Worst: Goliath has Fans Too
I’m usually not one to complain too much about announcers except if they go full Spielman and openly root for one team over the other, but the announcers were extremely excited about the possibility of Akron beating UM. And that got me thinking; seemingly everyone loves the David vs. Goliath matchups that end with David victorious. At first blush, it totally makes sense; David represents the everyman, overcoming seemingly insurmountable odds with character, ingenuity, and guile. To root for David is to root for the human spirit and the impossible dream. Rooting for Goliath is like rooting for the house in blackjack.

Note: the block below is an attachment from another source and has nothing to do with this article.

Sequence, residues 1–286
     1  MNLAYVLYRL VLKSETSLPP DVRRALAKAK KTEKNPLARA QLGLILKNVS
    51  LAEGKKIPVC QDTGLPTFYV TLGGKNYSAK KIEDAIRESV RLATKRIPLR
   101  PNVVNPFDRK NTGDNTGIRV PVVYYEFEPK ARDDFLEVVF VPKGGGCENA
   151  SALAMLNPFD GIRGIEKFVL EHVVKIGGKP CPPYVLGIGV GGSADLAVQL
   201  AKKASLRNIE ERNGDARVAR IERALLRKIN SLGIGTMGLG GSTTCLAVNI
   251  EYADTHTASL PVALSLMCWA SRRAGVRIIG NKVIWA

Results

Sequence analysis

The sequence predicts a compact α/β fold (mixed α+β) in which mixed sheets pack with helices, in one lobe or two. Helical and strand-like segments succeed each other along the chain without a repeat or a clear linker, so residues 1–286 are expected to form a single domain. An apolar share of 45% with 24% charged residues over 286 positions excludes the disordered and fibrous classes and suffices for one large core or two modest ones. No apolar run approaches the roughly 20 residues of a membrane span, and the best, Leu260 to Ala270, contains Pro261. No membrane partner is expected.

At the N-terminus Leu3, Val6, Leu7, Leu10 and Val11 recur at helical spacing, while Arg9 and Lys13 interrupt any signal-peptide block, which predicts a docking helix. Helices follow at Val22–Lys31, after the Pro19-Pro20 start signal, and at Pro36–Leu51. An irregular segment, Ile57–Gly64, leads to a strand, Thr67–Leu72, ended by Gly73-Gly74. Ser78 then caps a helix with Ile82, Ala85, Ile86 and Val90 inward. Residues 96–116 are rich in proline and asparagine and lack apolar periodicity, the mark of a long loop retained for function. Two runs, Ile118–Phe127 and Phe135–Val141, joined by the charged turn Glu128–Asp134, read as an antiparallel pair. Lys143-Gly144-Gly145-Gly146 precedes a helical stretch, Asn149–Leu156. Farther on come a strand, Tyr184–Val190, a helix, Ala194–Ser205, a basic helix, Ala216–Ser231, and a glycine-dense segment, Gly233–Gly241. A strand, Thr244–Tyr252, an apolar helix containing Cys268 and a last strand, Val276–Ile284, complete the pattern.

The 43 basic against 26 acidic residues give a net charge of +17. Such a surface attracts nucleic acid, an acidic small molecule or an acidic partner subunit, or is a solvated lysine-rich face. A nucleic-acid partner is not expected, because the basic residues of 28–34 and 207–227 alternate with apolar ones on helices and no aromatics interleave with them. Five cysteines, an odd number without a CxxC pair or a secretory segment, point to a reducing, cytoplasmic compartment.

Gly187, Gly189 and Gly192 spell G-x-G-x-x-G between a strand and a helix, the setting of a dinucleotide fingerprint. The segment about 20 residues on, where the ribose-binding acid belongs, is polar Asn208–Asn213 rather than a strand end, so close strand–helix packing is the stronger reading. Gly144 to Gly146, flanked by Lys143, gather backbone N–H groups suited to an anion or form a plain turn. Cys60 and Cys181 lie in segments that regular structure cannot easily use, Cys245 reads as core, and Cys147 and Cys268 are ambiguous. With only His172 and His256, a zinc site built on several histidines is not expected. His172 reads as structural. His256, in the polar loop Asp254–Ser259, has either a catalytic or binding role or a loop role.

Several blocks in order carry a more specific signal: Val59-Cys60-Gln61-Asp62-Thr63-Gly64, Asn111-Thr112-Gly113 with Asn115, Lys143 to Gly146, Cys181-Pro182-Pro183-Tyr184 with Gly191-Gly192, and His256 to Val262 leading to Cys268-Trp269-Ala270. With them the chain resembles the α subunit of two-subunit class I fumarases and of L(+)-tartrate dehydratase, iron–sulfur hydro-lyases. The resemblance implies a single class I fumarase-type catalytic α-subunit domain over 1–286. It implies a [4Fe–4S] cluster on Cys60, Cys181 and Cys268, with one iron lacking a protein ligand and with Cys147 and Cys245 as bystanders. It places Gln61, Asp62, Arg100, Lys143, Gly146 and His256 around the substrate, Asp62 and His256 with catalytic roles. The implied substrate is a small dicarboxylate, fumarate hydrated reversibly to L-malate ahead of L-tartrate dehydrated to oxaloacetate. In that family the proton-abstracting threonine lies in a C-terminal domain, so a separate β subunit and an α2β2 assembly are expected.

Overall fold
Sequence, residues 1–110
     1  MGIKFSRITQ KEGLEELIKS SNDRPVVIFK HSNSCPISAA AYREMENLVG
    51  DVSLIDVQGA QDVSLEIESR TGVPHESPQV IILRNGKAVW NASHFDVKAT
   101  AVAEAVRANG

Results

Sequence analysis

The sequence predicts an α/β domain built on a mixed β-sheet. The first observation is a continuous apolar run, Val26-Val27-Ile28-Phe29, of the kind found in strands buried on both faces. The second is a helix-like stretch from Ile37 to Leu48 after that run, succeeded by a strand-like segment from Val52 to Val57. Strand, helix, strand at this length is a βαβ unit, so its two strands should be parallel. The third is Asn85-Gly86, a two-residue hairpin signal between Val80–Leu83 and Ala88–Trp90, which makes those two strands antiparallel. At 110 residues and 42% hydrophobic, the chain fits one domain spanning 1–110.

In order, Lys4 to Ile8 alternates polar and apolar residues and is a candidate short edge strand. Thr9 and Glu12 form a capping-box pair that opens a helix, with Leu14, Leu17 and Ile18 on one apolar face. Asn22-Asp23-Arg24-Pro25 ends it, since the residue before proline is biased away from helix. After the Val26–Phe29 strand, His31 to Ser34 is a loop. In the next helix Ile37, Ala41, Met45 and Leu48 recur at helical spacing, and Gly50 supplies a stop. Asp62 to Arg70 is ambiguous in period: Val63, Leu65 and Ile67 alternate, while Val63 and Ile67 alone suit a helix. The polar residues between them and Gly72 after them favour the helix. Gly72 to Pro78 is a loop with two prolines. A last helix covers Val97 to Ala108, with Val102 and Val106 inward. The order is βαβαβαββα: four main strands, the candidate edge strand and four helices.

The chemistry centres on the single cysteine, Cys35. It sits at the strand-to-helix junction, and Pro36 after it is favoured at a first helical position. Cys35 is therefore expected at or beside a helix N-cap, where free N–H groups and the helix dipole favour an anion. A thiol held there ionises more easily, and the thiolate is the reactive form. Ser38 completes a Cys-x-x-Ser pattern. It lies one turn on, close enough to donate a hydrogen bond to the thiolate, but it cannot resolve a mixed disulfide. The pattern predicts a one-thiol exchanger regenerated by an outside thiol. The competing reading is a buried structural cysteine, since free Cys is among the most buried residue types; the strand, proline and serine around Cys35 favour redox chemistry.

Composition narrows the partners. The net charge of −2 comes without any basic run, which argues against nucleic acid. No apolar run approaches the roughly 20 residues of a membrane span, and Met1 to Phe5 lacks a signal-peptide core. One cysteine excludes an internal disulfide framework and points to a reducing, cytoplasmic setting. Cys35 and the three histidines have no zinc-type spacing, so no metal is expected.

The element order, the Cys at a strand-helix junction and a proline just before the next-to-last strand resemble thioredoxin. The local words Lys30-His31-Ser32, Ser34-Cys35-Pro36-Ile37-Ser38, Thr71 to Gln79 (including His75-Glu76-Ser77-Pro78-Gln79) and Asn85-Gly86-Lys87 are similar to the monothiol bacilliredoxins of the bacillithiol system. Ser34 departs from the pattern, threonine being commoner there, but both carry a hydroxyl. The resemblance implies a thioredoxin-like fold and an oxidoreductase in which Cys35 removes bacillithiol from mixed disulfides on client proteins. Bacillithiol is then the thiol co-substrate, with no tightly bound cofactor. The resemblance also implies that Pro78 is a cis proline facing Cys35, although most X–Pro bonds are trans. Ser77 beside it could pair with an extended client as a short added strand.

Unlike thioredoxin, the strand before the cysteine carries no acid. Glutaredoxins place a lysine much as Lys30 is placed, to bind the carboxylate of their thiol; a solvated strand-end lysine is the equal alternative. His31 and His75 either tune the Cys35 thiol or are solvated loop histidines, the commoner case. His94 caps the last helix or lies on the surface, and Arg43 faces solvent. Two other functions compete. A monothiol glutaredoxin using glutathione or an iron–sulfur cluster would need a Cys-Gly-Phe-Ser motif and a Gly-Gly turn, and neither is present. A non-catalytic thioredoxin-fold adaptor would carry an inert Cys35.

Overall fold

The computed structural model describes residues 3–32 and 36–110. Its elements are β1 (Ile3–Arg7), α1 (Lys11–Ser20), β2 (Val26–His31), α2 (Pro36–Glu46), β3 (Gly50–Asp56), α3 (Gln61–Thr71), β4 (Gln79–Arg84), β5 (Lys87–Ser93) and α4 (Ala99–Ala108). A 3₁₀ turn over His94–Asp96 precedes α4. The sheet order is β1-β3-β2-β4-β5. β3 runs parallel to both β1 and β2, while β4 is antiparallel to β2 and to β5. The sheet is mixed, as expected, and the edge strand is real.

But here’s the thing; being “Goliath” is not free of context, nor is it purely a “you vs. them” dynamic wherein everyone agrees how the story should end. In other words, Goliath has fans too, and in most cases they don’t view themselves as the bully, the victor, the unstoppable force OR the immovable object. Goliath is just a guy who is blessed with some physical advantages that he honed with rigorous training and passionate loyalty to a cause. In the eyes of Goliath, he’s entering into fair combat against another warrior who just happens to be smaller than him and who wields a slingshot. He’s not Razor Ramon or Vince McMahon, “heels” personified who want nothing more than to ruin the face’s day. No, He’s not the “bad guy”, unless “being tall and strong” and winning most of the time are dastardly traits. He is the Big Bad because the only lens used to view him is as the seemingly unattainable or antithesis model, the personification of David’s shortcomings.